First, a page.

To the uninitiated, real estate development might sound like a joyless job. You might envision stacks of paperwork, navigating mazes of city codes and laws, or crunching numbers on an endless spreadsheet. But according to Brent Reynolds, CEO and managing partner of NP International (NPI), building a place is about one thing: people.
“There is a quote I commonly use when it comes to describing NPI’s approach to any project: ‘We’re far more passionate about creating experiences than just building structures,’” says Reynolds. “Creating a space where people feel a sense of community is top on our list of those experiences.”
A mission to bring people together drives the design of Gables Station, an NPI mixed-use development project that combines residences with commercial and public spaces that’s rising in Coral Gables’ McFarland neighborhood. For starters, the general design of the project was inspired by the neighborhood itself.
“After getting a deeper understanding of the rich history of the community, we felt their story not only needed to be told but also preserved,” says Reynolds. “We produced a film on the neighborhood, entitled Graceful Voices, which was aired by PBS nationally. We further integrated their story into our Public Art curation for the open space of Gables Station.”
Other efforts toward thoughtful development include organizing the design around a central area, a “natural space where people can interact organically,” according to Reynolds. From there, residents can head to a wellness center, a local shop or restaurant, or even hop on the nearby public transportation to get to other parts of town easily.
“Our properties are built with the intent to bring tenants, residents and guests together to share extraordinary experiences as a familiar community,” Reynolds says.
Unique to Gables Station is its integration with The Underline, a linear park and community space located beneath the Metrorail line that’s been planned by the County and is under development in sections. “The Underline will connect communities and create new environments which do not exist today for people to enjoy and become actively engaged,” says Reynolds. “Gables Station absolutely mirrors not only these elements, but also its focus on a healthy lifestyle, public art and the importance of sharing the history of the surrounding communities.”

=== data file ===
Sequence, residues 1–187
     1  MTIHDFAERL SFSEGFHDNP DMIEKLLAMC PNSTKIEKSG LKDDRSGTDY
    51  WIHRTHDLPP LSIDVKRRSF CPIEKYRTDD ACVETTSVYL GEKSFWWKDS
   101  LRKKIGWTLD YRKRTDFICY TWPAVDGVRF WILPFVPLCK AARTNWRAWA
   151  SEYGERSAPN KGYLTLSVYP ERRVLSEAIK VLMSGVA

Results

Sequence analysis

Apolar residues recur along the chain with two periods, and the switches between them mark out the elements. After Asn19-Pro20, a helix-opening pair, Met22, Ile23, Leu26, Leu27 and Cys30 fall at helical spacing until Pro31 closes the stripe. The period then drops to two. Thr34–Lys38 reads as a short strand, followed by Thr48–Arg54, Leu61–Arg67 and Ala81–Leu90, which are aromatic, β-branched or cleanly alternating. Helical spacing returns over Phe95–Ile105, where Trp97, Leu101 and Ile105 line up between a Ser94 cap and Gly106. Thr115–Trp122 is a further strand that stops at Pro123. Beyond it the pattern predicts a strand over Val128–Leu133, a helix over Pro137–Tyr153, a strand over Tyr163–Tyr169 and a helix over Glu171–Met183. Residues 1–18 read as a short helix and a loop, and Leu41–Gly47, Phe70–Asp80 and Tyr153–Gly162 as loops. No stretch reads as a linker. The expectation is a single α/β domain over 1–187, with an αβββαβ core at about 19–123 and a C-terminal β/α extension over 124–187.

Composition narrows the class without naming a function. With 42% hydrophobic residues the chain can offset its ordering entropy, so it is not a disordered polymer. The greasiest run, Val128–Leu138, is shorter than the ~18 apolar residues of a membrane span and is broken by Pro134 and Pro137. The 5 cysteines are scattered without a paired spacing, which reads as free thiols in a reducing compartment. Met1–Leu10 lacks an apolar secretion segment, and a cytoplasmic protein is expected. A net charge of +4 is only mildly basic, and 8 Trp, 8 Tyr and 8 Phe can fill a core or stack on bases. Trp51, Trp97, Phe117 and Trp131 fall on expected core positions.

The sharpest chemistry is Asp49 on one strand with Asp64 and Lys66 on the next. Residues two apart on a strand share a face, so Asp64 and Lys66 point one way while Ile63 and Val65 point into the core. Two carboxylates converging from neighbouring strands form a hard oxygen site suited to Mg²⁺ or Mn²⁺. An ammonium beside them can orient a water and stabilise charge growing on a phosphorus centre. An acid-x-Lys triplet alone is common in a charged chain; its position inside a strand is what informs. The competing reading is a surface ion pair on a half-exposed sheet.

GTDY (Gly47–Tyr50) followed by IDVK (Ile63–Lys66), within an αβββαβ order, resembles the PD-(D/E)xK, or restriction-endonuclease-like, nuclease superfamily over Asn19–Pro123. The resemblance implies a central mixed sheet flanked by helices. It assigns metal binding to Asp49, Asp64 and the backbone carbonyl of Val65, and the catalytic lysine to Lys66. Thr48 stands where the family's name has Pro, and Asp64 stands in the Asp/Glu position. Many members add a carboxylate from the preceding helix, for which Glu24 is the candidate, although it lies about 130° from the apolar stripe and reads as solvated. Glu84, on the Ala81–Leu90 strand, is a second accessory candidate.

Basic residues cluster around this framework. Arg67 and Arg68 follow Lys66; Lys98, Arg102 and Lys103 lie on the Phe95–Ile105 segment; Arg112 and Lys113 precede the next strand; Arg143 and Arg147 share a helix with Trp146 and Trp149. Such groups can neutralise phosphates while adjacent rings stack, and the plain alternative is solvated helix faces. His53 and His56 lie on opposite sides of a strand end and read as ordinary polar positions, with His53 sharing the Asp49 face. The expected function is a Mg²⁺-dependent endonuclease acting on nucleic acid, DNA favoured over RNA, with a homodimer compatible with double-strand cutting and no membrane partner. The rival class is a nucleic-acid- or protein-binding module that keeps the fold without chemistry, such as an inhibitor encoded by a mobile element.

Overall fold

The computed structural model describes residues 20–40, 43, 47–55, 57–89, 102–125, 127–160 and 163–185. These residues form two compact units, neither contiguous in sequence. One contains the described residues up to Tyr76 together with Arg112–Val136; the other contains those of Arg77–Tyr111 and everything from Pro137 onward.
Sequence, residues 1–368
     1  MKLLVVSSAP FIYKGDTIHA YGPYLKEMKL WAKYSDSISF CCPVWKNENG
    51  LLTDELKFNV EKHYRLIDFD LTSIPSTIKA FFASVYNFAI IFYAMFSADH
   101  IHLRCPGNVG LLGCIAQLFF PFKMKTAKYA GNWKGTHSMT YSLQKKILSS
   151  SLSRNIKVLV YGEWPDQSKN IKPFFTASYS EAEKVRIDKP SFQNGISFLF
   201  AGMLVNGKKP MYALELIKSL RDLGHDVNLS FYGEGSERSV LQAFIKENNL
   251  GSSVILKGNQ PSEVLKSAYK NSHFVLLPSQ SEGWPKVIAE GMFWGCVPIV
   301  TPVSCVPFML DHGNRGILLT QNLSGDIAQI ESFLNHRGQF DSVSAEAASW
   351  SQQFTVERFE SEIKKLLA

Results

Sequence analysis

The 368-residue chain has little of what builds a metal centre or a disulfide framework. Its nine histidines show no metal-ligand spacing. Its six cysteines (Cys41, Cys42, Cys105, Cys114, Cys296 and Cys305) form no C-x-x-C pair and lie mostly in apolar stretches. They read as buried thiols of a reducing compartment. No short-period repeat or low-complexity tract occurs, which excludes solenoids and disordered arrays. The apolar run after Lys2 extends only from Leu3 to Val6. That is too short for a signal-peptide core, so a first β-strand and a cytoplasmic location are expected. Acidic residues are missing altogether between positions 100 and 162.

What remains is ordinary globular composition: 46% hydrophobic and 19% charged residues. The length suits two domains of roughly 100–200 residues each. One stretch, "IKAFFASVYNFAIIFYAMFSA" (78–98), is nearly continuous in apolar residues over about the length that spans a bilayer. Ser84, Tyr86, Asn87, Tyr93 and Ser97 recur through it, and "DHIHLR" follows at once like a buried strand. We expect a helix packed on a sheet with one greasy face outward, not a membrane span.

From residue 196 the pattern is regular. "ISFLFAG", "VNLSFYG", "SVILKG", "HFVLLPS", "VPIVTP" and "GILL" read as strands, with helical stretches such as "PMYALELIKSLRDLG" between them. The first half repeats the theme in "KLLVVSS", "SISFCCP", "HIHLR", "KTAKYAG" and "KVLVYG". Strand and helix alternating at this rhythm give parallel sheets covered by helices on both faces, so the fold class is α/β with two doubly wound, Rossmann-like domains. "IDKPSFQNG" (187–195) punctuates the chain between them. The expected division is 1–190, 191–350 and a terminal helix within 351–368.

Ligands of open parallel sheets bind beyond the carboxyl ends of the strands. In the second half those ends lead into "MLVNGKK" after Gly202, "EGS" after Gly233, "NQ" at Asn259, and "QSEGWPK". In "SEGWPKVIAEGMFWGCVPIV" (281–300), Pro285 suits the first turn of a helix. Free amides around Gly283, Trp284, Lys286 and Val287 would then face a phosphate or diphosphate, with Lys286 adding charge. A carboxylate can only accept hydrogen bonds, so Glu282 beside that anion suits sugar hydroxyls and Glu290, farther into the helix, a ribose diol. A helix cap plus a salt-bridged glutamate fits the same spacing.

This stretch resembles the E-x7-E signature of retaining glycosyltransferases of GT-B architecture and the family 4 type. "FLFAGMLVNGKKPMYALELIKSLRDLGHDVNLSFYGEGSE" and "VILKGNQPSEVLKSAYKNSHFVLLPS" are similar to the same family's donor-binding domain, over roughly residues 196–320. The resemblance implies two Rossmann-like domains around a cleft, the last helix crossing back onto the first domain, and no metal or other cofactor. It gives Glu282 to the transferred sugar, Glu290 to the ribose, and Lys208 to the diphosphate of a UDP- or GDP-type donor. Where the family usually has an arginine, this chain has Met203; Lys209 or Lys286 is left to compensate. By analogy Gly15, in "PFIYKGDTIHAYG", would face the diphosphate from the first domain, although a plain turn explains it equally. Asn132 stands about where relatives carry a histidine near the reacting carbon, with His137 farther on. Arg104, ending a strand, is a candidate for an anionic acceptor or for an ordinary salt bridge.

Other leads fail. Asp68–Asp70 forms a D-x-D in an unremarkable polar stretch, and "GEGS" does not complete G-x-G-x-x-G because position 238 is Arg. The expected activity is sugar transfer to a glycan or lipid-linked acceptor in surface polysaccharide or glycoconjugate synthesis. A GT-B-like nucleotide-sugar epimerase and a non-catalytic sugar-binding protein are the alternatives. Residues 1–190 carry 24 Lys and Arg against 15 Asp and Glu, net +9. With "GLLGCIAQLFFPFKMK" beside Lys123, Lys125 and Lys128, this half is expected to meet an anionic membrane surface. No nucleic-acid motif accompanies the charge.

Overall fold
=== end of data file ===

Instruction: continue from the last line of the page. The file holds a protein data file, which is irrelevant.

Gables Station isn’t the only development focused on bringing residents together in the city. At The Plaza Coral Gables, coming to Fred B. Hartnett Ponce Circle Park, developers prioritized community wishes like maintaining the Mediterranean Revival architecture of the area and making certain there was ample space for recreation, arts and culture.
The Plaza also honors the unique history of its location. Originally designed by George Merrick as an area to house artisans and craftsmen, the “Crafts Section” of Coral Gables was once ruled from the Arts Center building, built circa 1925. That building still stands, and will be incorporated into The Plaza’s public space.
Agave Ponce LLC, the company developing The Plaza, shares Reynolds’ community-centric philosophy. “No development can succeed without a strong partnership with the community it lives in,” reads its mission statement. According to these local developers, creating superior neighborhoods is all about balancing what already exists with an educated sense of what’s to come, which sounds much simpler than it is. But with creativity and an emphasis on quality of life, these companies are changing the way neighborhoods develop, and that is very Coral Gables!